New Year, New Language!

Posted Date: 
Monday, January 2, 2017

Learn the language of wine!

Do you ever find yourself searching for the right word to describe what you’re tasting in your favourite glass of red? Is reading a wine review like reading a foreign language?  Learn some basic wine terms and you’ll be a fluent drinker speaker in no time!

Acidity 

Acidity is naturally found in every wine, however it is more pronounced in some varietals, styles, or vintages than it is in others. Acidity is a way to describe a wines sharp or crisp characteristics and can easily be distinguished by the tingling sensation that occurs on the front of your tongue and in your cheeks. Acidity is often described as low when the wine is silky and smooth, and high when the tartness make you pucker!

Aroma

Aromas are scents in the wine that come from the grapes.  A wine can be described as being aromatic if it displays intense floral or fruit forward notes. And if you want to get real fancy… see bouquets below.

Bouquets 

Bouquets are scents that come from aging. A bouquet only develops after fementation has ended and continues to develop as the wine ages. Some examples of bouquet scents are dried fruit, leather, caramel, leather and dark chocolate.

Body

A wine’s body refers to the perceived weight on the palate. A common way to think about the difference in body weights is to think about light, medium and full bodied wines in relation to skim milk, whole milk, and cream (respectively).  All belong to the same category but hold different weights or thickness levels on your tongue.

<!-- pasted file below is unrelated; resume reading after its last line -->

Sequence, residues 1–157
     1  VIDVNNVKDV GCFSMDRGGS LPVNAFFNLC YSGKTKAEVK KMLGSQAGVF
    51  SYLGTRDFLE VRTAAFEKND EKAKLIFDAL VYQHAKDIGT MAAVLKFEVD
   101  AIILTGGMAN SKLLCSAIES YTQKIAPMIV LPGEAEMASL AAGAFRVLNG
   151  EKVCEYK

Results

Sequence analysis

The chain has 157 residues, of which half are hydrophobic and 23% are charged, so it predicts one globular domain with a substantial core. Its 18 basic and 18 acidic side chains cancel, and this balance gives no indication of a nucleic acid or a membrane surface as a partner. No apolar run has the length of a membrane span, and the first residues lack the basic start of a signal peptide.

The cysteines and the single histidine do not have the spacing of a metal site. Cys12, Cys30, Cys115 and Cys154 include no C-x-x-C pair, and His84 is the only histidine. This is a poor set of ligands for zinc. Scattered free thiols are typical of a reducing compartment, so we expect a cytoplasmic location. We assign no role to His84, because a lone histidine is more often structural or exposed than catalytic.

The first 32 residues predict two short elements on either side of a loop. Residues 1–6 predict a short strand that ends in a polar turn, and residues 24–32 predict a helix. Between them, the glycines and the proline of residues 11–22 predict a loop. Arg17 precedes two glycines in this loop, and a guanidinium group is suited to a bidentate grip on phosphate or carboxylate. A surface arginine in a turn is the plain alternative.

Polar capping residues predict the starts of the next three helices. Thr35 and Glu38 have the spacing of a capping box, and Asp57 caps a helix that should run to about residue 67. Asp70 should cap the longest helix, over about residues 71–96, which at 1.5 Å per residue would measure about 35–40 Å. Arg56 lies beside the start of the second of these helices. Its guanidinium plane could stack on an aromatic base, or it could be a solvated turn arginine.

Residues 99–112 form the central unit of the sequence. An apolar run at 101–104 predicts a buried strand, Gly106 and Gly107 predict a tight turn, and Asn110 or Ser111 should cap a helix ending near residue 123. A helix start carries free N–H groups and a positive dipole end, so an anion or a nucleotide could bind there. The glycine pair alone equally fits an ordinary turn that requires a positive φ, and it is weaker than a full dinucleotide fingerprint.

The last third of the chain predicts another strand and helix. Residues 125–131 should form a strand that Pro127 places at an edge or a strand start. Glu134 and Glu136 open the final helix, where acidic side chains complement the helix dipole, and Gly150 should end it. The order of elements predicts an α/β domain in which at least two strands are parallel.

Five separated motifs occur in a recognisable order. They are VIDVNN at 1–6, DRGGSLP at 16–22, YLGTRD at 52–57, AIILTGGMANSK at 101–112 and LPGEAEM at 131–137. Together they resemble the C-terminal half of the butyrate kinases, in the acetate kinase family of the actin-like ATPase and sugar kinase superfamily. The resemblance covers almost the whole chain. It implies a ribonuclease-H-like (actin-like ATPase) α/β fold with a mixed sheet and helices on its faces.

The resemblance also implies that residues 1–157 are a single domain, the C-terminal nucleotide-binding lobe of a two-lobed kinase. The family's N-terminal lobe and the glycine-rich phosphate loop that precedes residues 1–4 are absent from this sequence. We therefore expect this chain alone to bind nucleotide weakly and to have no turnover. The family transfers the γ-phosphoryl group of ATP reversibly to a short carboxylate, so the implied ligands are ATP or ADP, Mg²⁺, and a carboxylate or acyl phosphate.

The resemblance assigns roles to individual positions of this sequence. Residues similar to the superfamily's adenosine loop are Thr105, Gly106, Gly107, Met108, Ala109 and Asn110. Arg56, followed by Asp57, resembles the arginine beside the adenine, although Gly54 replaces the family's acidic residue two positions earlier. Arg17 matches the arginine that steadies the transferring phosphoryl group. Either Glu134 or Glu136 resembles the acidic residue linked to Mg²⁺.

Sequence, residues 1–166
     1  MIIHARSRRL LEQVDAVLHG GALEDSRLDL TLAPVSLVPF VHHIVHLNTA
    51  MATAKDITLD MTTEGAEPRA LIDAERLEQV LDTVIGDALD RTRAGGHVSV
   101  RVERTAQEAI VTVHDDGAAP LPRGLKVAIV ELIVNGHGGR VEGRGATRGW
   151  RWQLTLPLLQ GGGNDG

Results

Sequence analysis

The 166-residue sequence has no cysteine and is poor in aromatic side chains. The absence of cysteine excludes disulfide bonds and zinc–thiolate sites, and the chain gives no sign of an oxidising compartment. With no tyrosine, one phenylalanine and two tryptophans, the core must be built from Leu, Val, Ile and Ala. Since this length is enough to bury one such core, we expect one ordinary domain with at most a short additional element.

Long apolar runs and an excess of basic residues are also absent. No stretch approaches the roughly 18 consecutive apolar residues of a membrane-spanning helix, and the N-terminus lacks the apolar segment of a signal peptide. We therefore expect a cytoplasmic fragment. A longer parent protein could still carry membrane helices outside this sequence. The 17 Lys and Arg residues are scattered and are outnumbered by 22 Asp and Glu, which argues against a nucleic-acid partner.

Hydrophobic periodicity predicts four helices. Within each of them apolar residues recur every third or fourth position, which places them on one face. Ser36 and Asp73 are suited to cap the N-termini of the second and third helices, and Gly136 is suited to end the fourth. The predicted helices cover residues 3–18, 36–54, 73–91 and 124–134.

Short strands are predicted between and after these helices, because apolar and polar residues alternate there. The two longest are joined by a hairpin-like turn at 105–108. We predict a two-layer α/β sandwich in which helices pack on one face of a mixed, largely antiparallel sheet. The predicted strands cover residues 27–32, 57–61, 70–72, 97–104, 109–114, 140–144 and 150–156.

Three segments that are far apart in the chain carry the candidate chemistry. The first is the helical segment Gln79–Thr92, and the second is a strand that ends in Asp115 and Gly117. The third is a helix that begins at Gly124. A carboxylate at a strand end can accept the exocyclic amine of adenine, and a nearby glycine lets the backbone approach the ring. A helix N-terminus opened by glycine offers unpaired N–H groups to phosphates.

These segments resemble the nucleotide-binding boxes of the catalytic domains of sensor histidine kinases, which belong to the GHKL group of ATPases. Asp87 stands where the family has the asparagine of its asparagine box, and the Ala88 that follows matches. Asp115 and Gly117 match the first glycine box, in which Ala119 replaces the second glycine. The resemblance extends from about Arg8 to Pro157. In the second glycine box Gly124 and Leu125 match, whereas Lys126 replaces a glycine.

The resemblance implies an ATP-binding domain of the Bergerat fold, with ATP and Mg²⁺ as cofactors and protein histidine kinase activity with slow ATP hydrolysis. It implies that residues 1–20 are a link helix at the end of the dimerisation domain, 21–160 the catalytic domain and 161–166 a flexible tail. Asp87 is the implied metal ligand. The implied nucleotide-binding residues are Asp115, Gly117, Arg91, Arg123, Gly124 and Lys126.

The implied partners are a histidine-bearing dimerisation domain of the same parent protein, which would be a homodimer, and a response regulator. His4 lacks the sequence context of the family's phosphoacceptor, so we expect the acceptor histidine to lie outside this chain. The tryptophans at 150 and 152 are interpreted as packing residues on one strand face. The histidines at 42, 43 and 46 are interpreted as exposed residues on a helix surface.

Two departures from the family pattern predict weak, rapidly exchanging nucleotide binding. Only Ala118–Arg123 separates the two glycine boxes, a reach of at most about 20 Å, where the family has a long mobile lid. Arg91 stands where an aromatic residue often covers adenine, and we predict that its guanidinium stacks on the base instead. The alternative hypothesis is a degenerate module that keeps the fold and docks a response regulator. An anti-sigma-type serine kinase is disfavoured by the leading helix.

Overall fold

Flavours

Flavours differ from aromas as the come from taste rather than smell. When you are identifying flavours in wine they come from what you can sense on your palate rather than from aroma alone. 

Tannin

Tannin is the bitterness or astringency that contributes to a wines weight or mouthfeel. It is a naturally occuring component of wine that comes from grape skin, seeds, stems and oak barrels. Tannin can sometimes be confused with acidity due to its astringent nature, but can be distinguished by the taster by being bitter rather than sour. Tannin also plays a factor in determining the agibility of a wine.

Source: www.winerack.com